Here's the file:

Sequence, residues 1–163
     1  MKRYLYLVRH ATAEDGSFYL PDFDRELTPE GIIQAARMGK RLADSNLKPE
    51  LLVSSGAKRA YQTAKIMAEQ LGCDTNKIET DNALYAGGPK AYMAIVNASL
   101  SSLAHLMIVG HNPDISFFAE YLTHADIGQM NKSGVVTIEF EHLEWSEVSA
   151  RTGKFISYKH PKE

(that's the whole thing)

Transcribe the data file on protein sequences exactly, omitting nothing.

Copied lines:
Sequence, residues 1–163
     1  MKRYLYLVRH ATAEDGSFYL PDFDRELTPE GIIQAARMGK RLADSNLKPE
    51  LLVSSGAKRA YQTAKIMAEQ LGCDTNKIET DNALYAGGPK AYMAIVNASL
   101  SSLAHLMIVG HNPDISFFAE YLTHADIGQM NKSGVVTIEF EHLEWSEVSA
   151  RTGKFISYKH PKE